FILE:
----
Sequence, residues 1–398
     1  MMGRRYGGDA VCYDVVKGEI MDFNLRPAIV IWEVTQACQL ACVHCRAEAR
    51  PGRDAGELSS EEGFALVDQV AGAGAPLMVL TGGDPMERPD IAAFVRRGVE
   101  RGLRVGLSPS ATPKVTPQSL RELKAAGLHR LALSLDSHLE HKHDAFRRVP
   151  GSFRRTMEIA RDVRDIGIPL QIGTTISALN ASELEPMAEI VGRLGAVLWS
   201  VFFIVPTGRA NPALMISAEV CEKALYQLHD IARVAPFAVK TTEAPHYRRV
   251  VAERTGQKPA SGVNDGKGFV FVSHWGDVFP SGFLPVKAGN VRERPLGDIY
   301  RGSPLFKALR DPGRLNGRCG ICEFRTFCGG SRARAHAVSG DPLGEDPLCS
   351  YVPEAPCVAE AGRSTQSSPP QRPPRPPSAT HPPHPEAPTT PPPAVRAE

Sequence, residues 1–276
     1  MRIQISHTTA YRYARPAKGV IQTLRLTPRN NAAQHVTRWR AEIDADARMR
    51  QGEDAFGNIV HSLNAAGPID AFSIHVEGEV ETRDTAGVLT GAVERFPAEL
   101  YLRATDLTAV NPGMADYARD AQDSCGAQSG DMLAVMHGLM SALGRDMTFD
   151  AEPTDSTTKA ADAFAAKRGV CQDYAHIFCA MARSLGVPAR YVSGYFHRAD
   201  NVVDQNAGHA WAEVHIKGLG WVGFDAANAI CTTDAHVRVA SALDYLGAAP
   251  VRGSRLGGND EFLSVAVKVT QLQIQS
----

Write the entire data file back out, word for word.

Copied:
Sequence, residues 1–398
     1  MMGRRYGGDA VCYDVVKGEI MDFNLRPAIV IWEVTQACQL ACVHCRAEAR
    51  PGRDAGELSS EEGFALVDQV AGAGAPLMVL TGGDPMERPD IAAFVRRGVE
   101  RGLRVGLSPS ATPKVTPQSL RELKAAGLHR LALSLDSHLE HKHDAFRRVP
   151  GSFRRTMEIA RDVRDIGIPL QIGTTISALN ASELEPMAEI VGRLGAVLWS
   201  VFFIVPTGRA NPALMISAEV CEKALYQLHD IARVAPFAVK TTEAPHYRRV
   251  VAERTGQKPA SGVNDGKGFV FVSHWGDVFP SGFLPVKAGN VRERPLGDIY
   301  RGSPLFKALR DPGRLNGRCG ICEFRTFCGG SRARAHAVSG DPLGEDPLCS
   351  YVPEAPCVAE AGRSTQSSPP QRPPRPPSAT HPPHPEAPTT PPPAVRAE

Sequence, residues 1–276
     1  MRIQISHTTA YRYARPAKGV IQTLRLTPRN NAAQHVTRWR AEIDADARMR
    51  QGEDAFGNIV HSLNAAGPID AFSIHVEGEV ETRDTAGVLT GAVERFPAEL
   101  YLRATDLTAV NPGMADYARD AQDSCGAQSG DMLAVMHGLM SALGRDMTFD
   151  AEPTDSTTKA ADAFAAKRGV CQDYAHIFCA MARSLGVPAR YVSGYFHRAD
   201  NVVDQNAGHA WAEVHIKGLG WVGFDAANAI CTTDAHVRVA SALDYLGAAP
   251  VRGSRLGGND EFLSVAVKVT QLQIQS